Every person has the same opportunity to achieve great things. Every person has the same access to resources and information, but not everyone will benefit from that.
Differential opportunity theory explains why some people will succeed in life and others won’t, even if they have the exact same skills. If they can use their skills in different circumstances, they’ll behave differently.
According to differential opportunity theory, every individual has an equal opportunity to achieve great(er) things in life, regardless of the demographic factors: but not everyone will take advantage of this. To understand this, we need to know how individuals behave in the labor market.
This theory was formulated by Richard Cloward and Lloyd Ohlin, two criminologists at Columbia University in the early 1960s. They suggest that there are three different types of crimes:
- Crimes of need: These crimes are usually committed by someone who can’t make enough money legally, so they resort to illegal actions.
- Crimes of frustration: These types of crimes happen when someone has been pushed to the limit, so they take justice into their own hands.
- Crimes of opportunity: These types of crimes are committed by people who have the opportunity to commit a crime a lot because their position puts them above suspicion.
These three categories are inspired by the theory of differential association, which suggests that criminal behavior comes from a person’s contact with other criminals.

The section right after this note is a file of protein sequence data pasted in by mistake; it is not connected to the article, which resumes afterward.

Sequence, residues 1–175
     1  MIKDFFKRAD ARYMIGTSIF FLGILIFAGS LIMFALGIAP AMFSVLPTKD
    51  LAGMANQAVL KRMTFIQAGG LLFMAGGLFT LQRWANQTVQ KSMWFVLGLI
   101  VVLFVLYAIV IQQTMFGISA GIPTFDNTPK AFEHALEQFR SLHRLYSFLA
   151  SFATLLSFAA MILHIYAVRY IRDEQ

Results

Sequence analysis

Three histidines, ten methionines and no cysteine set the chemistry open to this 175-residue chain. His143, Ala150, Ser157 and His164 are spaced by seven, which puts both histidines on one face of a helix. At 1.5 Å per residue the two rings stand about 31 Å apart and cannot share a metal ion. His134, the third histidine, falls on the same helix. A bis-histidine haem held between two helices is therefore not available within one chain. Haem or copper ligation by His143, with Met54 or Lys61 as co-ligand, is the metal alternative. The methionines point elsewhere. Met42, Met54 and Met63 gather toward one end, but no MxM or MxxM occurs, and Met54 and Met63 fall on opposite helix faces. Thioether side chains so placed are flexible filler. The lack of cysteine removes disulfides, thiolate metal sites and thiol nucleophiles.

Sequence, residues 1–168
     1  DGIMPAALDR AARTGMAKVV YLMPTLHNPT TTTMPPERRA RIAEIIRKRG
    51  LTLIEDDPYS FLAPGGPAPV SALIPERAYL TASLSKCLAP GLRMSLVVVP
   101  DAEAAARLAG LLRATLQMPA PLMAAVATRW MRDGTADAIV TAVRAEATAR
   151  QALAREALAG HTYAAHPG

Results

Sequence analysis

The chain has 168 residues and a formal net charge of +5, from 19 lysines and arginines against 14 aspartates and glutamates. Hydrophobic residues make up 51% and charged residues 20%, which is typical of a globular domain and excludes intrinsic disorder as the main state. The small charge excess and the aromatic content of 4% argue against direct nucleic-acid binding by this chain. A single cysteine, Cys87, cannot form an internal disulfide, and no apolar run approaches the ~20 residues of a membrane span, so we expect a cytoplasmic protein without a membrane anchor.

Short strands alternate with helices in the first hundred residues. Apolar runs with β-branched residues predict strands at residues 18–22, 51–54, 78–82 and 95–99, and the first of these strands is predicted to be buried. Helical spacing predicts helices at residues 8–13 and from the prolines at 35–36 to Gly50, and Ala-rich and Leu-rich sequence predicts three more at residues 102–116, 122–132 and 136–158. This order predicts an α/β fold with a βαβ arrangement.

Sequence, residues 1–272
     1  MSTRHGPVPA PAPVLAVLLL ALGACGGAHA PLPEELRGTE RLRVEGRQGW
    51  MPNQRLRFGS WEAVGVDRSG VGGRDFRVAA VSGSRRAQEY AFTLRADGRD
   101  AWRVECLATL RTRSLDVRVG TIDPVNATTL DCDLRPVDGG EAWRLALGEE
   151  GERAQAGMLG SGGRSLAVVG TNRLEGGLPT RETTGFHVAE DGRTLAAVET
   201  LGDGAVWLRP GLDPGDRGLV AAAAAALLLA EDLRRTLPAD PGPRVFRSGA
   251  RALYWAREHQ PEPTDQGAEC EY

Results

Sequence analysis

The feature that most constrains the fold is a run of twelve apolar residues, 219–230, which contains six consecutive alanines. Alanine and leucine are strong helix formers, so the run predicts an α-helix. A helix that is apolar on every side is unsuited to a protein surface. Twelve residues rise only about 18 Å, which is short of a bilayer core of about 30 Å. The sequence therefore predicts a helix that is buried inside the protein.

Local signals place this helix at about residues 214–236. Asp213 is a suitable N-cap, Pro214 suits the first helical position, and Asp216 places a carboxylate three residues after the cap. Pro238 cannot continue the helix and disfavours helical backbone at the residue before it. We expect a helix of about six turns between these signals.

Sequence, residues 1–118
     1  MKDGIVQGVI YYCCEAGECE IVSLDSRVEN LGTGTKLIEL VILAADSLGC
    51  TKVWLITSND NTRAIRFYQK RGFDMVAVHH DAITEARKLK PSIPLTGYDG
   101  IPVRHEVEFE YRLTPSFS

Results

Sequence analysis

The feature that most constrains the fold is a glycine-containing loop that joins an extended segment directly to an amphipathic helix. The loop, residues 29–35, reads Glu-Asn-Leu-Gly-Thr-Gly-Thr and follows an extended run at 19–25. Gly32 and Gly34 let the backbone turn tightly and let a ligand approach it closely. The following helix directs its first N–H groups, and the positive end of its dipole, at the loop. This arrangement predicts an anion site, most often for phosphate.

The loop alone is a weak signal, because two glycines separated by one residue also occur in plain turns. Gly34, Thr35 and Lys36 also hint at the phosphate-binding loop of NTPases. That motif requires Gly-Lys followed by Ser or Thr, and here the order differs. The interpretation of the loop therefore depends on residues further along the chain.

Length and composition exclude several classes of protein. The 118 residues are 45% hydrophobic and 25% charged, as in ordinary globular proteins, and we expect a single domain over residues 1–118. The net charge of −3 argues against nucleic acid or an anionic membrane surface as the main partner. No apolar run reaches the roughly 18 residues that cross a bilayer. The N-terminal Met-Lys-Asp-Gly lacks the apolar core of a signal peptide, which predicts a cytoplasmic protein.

Cloward and Ohlin developed the differential opportunity theory and defined the delinquent subcultures of conflict, crime, and retreatism.
The conflict subculture is the type of criminality that resorts to violent behavior. It includes street gangs and members of motorcycle clubs or other violent organizations.
In this subculture, individuals are usually labeled as “delinquent” because they associate with criminals.
The crime subculture of delinquency is the most common and includes people who commit crimes for economic gain.
A person belonging to this subculture is usually labeled as delinquent because they’re connected with people who’ve committed crimes in the past.
The retreatist subculture is a subculture in which individuals withdraw from society and become alcoholics or drug addicts.
In this subculture, members are labeled as delinquent because they’re associated with people who’ve committed crimes in the past.
Differential opportunity theory suggests that these three subcultures – conflict, crime, and retreatist – are ways to commit crimes successfully depending on how many opportunities a person has to commit a crime.
For example, the conflict subculture is more likely to resort to an individual’s violent behavior. Also, their past experiences – like a person who has been bullied in school, would join a street gang.
Sociological Theories related to the Differential Opportunity Theory
Differential association theory
Differential association theory was created by Edwin Sutherland, who suggested that criminal behavior is a product of social interactions. The person committing the criminal acts and the people around them play a role in criminality.